My partnership with Amy Wu over the years has been strongly influenced and inspired by Dave and his work, and you can see that in the evolution of my slides over the years and even in the Faster Than 20 website. What you don’t see in those final products are all of the sketches that both Amy and I drew to help us think through these ideas. Dave is one of the people who strongly inspired me to work this way.

To me, Dave personifies the learning mindset. At XPLANE, the wonderful design consultancy he founded years ago, he started something called Visual Thinking School, one of the ideas that inspired me to start Changemaker Bootcamp last year. He is a great speaker and writer, but he is also constantly making things — tools like Boardthing, companies like XPLANE, brilliant books like The Connected Company, beautiful paintings.

When he learns, he learns out loud, so that others can participate in and benefit from all aspects of his process, not just the beautiful, final artifacts. He wanted to learn more about Agile processes, so he decided to write a book about it. He’s interviewing great practitioners in order to learn, and he’s doing them live on Google Hangout, so others can learn with him.

I love every opportunity I have to chat with and learn from him, and I hope many of you will join us this Wednesday!

I’ll write a followup blog post on Faster Than 20 after our conversation about learning via artifacts, but in the meantime, you can read and watch some of the things I’ve said on this topic in the past:

Finally, here’s video from a brown bag I led in 2011 entitled, “Saving the World Through Better Note-Taking.”

Generalist or Specialist?

Dave Gray shared one of his latest visualizations, which differentiates between specialists and generalists:    (MIT)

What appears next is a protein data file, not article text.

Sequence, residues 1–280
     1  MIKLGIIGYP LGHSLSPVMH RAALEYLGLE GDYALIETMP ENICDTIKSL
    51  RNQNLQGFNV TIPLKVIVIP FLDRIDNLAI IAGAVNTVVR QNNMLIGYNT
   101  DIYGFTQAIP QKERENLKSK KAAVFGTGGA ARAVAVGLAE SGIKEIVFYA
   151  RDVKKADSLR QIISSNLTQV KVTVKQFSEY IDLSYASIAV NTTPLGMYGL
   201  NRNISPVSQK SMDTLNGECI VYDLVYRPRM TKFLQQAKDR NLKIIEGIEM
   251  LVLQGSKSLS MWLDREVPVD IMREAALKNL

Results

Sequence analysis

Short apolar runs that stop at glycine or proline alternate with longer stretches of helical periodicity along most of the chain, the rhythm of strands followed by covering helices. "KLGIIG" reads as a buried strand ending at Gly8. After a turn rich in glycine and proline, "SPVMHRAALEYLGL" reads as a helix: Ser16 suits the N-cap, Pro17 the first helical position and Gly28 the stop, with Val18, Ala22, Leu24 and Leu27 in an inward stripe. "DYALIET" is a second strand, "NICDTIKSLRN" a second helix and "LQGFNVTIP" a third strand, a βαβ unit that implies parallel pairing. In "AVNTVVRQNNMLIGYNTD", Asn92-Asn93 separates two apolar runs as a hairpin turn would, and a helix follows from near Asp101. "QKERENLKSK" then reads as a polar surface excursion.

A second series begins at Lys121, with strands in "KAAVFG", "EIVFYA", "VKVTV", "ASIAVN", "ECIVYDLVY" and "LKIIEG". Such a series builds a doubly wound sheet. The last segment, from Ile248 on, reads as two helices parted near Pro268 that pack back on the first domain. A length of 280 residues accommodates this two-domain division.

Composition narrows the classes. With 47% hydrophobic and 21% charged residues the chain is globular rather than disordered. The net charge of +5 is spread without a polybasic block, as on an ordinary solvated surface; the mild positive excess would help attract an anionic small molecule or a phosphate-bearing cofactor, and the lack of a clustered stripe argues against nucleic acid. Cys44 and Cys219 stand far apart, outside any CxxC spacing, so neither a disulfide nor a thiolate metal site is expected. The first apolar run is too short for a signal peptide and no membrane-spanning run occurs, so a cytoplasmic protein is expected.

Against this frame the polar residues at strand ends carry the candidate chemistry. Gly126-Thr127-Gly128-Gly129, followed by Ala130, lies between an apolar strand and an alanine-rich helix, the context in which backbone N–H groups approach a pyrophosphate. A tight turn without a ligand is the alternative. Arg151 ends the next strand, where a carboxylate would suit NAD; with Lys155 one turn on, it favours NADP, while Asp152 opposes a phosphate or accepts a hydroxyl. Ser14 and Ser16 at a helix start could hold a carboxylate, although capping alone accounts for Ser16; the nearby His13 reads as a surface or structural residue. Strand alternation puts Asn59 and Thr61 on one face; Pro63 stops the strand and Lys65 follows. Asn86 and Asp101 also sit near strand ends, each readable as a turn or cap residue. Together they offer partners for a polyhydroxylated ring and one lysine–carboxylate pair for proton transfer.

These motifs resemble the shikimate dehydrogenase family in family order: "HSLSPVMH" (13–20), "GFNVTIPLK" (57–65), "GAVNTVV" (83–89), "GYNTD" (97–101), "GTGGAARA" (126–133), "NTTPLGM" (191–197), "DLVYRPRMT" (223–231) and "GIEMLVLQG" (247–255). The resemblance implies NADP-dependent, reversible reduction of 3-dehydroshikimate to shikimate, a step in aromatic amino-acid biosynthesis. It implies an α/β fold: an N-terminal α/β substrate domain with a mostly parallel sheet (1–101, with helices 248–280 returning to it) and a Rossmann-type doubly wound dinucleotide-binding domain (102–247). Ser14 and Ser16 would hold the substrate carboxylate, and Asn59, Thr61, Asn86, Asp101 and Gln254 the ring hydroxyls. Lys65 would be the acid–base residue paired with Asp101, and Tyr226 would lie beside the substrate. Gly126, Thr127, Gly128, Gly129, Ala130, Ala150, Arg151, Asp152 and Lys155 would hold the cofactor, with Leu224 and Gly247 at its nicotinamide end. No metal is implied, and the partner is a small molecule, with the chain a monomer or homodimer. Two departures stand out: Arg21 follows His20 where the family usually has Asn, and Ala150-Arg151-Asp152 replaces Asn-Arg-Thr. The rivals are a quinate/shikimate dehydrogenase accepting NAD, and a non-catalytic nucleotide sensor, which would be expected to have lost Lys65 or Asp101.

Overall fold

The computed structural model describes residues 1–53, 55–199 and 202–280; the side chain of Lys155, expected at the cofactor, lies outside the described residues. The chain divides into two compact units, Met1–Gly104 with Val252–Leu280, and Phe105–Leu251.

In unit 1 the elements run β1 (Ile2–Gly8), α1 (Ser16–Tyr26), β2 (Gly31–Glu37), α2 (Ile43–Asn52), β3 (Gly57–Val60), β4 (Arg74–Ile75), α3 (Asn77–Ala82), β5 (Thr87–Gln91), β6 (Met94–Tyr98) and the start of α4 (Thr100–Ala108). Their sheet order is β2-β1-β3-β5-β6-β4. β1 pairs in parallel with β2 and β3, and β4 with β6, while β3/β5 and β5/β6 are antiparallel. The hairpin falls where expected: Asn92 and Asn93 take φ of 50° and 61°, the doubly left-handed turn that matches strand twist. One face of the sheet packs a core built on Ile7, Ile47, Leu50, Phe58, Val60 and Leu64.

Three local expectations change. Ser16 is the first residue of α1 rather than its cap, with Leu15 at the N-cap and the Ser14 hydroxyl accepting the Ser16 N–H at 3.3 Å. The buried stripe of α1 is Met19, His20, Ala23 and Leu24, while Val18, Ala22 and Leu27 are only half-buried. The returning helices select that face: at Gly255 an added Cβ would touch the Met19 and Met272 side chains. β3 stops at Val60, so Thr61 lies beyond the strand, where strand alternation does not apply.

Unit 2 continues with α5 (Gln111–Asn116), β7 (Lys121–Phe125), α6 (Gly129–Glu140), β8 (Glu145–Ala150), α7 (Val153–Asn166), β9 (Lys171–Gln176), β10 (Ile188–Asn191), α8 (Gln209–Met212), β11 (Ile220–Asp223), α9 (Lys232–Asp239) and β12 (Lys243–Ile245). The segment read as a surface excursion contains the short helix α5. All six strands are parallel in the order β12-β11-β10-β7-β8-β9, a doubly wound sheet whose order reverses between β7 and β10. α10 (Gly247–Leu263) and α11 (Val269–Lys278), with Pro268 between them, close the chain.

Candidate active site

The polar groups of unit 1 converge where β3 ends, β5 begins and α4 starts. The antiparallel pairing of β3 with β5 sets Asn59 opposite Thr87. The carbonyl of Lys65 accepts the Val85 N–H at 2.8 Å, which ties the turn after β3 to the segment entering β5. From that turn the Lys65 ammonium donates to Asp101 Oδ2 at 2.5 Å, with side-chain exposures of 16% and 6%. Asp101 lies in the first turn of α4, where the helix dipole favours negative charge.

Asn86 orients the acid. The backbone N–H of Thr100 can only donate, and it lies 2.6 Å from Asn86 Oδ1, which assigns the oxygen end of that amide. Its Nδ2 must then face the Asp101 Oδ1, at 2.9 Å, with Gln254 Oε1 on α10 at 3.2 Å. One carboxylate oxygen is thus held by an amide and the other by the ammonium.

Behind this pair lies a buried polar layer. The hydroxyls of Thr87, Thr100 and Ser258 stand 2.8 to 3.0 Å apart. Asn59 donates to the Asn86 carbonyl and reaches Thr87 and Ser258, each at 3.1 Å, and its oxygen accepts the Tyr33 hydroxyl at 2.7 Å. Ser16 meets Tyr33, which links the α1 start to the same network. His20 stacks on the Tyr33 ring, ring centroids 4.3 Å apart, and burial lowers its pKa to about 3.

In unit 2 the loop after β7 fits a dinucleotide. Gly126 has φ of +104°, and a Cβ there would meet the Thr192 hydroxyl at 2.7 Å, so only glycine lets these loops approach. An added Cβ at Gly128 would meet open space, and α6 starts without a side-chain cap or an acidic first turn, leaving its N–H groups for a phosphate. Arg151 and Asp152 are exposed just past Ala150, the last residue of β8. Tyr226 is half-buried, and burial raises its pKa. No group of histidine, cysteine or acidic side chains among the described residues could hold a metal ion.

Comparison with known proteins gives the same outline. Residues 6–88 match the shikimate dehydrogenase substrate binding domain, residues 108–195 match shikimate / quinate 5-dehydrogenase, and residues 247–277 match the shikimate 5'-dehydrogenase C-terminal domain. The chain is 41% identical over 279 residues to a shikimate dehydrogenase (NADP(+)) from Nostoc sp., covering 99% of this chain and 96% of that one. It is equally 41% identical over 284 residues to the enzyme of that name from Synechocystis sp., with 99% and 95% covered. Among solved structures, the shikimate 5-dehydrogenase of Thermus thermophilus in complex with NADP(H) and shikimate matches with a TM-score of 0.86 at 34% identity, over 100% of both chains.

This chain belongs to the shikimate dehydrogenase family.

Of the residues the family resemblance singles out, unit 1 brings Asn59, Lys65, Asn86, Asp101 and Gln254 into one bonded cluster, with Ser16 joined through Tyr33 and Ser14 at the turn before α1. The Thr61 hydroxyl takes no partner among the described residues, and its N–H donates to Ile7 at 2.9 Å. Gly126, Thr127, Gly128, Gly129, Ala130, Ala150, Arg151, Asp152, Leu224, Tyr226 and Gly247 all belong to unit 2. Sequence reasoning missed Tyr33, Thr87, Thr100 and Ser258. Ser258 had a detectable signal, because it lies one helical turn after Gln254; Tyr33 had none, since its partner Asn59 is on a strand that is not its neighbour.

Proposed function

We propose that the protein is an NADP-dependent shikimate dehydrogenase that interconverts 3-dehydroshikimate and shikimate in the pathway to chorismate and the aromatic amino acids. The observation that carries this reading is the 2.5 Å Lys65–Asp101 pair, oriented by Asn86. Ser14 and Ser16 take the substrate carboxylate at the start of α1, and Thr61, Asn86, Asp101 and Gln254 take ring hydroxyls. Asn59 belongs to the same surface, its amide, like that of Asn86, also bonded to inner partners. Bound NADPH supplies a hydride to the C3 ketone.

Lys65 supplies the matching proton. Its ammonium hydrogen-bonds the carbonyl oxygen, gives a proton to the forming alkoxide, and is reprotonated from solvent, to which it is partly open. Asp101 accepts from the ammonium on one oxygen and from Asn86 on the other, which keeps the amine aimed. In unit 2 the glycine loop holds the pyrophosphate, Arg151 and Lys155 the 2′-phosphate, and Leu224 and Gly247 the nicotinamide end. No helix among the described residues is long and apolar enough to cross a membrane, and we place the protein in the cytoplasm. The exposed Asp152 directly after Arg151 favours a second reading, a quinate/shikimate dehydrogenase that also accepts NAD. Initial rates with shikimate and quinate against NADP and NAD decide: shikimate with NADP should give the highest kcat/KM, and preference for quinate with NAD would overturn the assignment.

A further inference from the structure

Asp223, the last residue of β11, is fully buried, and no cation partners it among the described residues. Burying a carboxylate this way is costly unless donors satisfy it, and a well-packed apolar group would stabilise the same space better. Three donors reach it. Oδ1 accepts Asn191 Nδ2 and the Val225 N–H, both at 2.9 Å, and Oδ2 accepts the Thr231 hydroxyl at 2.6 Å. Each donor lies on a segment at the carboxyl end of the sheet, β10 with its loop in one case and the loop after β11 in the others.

https://i0.wp.com/farm2.static.flickr.com/1408/1180687751_72509dc2cb.jpg?w=700    (MIU)

I like the aesthetic of the diagram (which is how I feel about most of Dave’s work), but when I first looked at it, I couldn’t help but think that it was off somehow. After pondering, I realized my problem had less to do with the diagram than it did with how how he frames his conclusions:    (MIV)

  • “Generalists are best when DEFINING the problem or goal.    (MIW)
  • “Specialists are best used when SOLVING the problem or EXECUTING THE PLAN.    (MIX)

The distinction between a specialist and a generalist isn’t the ability to state versus solve a problem. The distinction has to do with the kind of problems they are good at addressing. Generalists are good at defining general or, more accurately, system problems, which, by definition, cannot be solved by a single person. But a generalist isn’t necessarily good at defining specialized problems.    (MIY)

The diagram itself is very good. I like the dimensionality of it, which jives with our traditional notions of horizontal versus vertical thinking (or breadth versus depth of knowledge). I also like the network depiction of the generalists’ plane, which emphasizes the systems view.    (MIZ)

However, there are some important nuances missing. First, because of the colors in the horizontal plane as well as the top-down view, the horizontal plane seems to hold greater importance than the vertical plane. That’s misleading. A true systems thinker views a problem from all three dimensions, not just one plane. I think adding some color to the vertical lines would help alleviate this.    (MJ0)

Second, while I like the fact that the vertical plane depicts mostly linear problems, I think these planes should show some network characteristics. This would also help emphasize the three dimensionality of the entire space, and the need for generalists and specialists to collaborate.    (MJ1)

Finally, while I have plenty of nitpicks, I wouldn’t have thought deeply about these nuances in the first place if the diagram hadn’t helped clarify my thinking. It’s yet another demonstration of the power of Visual Thinking and of Dave’s skill at facilitating it.    (MJ2)

Visual Thinking and Shared Understanding

One of my favorite conference moments occured at the Computers and Philosophy 2002 conference, where both Bob Horn and I spoke. I sat next to Bob during the other talks and peeked over his shoulder as he took notes. That man is insane. My notes are barely legible scribbles; his are pristine visual diagrams.    (LEX)